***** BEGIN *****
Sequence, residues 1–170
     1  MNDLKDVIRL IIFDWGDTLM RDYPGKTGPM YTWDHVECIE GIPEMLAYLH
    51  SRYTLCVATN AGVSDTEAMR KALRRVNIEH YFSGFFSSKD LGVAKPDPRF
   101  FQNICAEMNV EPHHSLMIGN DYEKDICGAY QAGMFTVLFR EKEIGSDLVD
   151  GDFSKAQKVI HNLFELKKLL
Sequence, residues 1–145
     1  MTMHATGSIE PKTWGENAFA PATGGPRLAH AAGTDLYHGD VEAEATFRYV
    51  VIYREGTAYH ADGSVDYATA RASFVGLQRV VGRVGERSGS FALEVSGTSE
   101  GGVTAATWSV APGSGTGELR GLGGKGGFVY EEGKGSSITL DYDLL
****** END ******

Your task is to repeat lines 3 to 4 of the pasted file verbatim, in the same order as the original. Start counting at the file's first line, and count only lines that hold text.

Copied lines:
    51  SRYTLCVATN AGVSDTEAMR KALRRVNIEH YFSGFFSSKD LGVAKPDPRF
   101  FQNICAEMNV EPHHSLMIGN DYEKDICGAY QAGMFTVLFR EKEIGSDLVD